Fasika (Easter Holiday) is one of the national and religious holidays of Ethiopia. Year after year Fasika is being celebrated in a most spiritually mesmerizing church service, earnest, unique and beautiful traditions throughout the country by Christian Ethiopians.
The very fact that makes this particular celebration so unique besides its religious aspect; it is that special time of year when Ethiopians and Orthodox religion followers in particular prepare Easter Feast to be enjoyed after LENT and which is the main topic of this particular post.
The preparation of Ethiopian Easter Feast and of course other Ethiopian Holidays starts almost two weeks before the actual celebration day. Opening with the top two home brewed Ethiopian traditional mead – Tella and Tej – which takes more than a week or so to ferment and ready to be served. Thus, the long and interesting process of brewing these traditional Ethiopian mead at home makes it one of the eloquent pieces of Ethiopian Holidays.
Tella – a dark beer brewed from barely and Gesho (a hop-like woody shrub).
The one particular interesting fact that makes it one of Ethiopia’s distinctive tradition drinks is, its smoky flavor due to the supplement of bread darkened by baking and use of a fermentation container which has been smoked by inversion over fuming wood.
Tej – a honey wine or mead brewed with Gesho (a hop-like woody shrub), organic honey and water. Tej is a more powerful drink than Tella. The alcohol content of Tej is believed to be ranging from 6% – 9% as filtered Tella’s alcohol content is around 5% – 6%. Tej is traditional mead mainly used for great feasts like Fasika and weddings.
Tej is also considered as a Royalty beverage.
These two legendary Ethiopian mead goes well with Ethiopian traditional holiday cuisines and usually prepare for Holidays and special occasions at home at this time of year by many Ethiopians throughout the country.
Stepping out of the kitchen… of course it is during this time of year when every Ethiopian markets being at its liveliest.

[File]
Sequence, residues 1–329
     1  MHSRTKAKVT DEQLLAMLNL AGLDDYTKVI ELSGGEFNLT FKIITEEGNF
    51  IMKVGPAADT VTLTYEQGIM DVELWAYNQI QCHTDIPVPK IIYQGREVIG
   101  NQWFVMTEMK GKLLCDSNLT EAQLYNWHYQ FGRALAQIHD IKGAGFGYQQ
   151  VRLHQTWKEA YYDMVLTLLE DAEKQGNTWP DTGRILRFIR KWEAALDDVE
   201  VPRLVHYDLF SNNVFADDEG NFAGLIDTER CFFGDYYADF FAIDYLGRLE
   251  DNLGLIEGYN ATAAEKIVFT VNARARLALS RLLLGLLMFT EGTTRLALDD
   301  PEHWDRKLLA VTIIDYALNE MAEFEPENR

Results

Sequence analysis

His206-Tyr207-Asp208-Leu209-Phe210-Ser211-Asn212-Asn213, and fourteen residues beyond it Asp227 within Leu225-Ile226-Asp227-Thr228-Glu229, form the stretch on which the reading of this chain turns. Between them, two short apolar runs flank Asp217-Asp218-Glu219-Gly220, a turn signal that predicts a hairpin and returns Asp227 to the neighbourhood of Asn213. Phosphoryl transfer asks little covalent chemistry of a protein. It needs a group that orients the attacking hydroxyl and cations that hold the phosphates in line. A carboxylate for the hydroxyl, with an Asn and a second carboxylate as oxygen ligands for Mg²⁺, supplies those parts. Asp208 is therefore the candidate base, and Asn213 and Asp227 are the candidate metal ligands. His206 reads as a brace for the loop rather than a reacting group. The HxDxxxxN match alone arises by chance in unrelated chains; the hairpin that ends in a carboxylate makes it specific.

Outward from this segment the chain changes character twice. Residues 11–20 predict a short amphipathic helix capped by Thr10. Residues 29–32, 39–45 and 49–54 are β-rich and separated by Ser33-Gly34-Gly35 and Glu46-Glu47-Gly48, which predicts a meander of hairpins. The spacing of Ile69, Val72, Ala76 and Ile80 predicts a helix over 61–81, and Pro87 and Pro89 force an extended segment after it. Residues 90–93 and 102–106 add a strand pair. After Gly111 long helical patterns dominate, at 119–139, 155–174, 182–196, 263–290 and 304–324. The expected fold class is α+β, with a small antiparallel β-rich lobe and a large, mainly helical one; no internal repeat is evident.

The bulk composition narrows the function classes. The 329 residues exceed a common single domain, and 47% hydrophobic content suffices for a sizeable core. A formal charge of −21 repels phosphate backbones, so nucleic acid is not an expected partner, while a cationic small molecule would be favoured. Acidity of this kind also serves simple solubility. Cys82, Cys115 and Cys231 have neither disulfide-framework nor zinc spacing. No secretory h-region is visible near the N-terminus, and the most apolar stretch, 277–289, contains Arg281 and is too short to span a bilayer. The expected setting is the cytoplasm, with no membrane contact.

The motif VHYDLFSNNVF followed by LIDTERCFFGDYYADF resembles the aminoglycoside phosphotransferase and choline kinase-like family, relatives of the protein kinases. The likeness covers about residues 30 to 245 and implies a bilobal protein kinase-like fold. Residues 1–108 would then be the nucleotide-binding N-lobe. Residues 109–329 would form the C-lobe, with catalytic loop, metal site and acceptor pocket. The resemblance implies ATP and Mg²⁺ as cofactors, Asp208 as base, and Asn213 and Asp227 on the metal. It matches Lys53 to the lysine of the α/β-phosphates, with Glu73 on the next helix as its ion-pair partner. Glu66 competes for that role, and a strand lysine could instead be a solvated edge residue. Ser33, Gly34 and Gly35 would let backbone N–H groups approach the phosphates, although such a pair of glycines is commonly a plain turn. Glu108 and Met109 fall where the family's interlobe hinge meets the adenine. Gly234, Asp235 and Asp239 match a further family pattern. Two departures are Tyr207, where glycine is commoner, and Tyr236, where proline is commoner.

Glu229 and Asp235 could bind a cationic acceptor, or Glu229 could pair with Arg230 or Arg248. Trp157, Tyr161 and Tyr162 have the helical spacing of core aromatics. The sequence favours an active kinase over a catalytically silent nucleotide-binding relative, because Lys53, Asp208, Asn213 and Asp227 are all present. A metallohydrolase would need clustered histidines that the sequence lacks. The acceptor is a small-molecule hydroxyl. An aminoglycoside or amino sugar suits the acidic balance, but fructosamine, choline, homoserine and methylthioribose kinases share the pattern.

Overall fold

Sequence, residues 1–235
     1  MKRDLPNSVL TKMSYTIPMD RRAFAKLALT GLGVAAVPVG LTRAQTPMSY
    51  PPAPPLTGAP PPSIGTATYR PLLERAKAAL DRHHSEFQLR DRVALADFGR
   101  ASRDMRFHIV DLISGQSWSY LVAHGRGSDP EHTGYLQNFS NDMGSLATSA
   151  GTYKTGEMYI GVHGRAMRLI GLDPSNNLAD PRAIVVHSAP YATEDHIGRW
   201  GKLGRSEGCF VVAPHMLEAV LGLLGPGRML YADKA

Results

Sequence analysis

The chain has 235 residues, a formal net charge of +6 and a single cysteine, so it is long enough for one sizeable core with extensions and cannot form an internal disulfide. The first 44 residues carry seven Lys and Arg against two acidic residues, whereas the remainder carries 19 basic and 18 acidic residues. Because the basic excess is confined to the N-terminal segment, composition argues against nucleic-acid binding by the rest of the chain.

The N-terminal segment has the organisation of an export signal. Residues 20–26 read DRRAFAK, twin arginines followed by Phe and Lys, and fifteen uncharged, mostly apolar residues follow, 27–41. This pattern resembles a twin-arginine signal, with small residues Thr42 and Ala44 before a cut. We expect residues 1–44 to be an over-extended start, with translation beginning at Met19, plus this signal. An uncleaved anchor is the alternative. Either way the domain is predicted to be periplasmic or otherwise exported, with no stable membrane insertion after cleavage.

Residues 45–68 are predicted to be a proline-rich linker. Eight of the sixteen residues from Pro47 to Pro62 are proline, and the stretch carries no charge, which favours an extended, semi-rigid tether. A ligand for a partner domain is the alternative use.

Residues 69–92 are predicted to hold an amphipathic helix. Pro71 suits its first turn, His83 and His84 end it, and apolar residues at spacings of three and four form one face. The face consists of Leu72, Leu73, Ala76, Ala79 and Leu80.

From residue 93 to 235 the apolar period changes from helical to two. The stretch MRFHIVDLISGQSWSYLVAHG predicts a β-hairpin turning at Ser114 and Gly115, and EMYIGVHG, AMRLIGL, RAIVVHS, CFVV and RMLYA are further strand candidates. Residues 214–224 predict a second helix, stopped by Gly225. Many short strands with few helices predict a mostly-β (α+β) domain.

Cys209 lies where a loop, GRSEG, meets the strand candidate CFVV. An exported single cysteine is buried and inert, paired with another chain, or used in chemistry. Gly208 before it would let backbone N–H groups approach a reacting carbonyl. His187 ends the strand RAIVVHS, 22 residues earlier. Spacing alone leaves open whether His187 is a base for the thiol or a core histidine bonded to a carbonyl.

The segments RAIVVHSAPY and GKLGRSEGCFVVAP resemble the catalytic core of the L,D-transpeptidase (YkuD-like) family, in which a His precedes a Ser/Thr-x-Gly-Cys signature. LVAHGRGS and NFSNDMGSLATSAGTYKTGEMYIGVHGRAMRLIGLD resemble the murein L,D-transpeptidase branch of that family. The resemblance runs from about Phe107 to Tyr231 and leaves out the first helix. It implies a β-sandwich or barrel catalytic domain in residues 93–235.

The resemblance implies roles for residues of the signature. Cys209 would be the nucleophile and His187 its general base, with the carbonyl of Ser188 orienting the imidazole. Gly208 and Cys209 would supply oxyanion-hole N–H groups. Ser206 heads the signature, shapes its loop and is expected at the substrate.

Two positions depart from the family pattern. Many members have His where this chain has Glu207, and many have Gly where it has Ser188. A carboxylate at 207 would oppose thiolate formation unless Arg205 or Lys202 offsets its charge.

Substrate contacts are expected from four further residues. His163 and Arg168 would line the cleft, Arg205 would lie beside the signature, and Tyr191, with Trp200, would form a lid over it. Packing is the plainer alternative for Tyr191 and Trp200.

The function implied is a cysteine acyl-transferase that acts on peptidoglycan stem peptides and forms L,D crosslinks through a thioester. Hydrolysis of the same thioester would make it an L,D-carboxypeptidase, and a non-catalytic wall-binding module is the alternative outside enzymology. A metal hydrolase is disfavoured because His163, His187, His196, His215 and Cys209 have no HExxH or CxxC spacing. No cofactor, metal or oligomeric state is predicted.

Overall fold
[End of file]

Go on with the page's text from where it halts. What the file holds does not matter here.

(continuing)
Difo Dabo (Large and round home backed Ethiopian traditional leaven bread of wheat flour, spices, oil, salt or sugar) is another eloquent pieces which beckons and enhances Ethiopian holiday spirit.
This simple but divine home baked bread is usually prepared for holidays and special occasions like Weddings, Birthdays and Special Religious Celebrations. An elder person of the family or the owner of the house usually cut the bread after giving out prayer, blessings and best wishes.
Even though Difo Dabo contains a very simple recipe, it’s interesting traditional ways of preparation that gives its unique look and of course exotic taste. The mesmerizing process of baking Difo Dabo contains ordinary, interesting but worth mentioning details. Using larger and round traditional clay made like oven called Geber Mitad in Amharic, covering the dough with Koba (false banana leaf) as a cooking parchment, adding small eucalyptus leafs to get aromatic and exotic test, sprinkling spices like Tikur Azmud ( Ethiopian Black Cumin) and Nech Azmud (Bishop’s Weed) with a pinch of salt are among the details.
The tantalizing smell of the baking bread along with the burning woods that emanates from many Ethiopian households during this time of year definitely beckons the holiday spirit, and spurs beautiful memories.
As food plays big role in every Ethiopian holidays, preparing traditional Ethiopian holiday cuisines takes beautiful details, exotic ingredients, time, passion, family and special religious holiday like Fasika!
Last but not least, no Ethiopian holiday, special occasions and even weekends here in Ethiopia would be complete without the glorious Ethiopian Traditional Coffee Ceremony and it is one of the eloquent pieces of Fasika and the very ritual which is close to many Ethiopian hearts.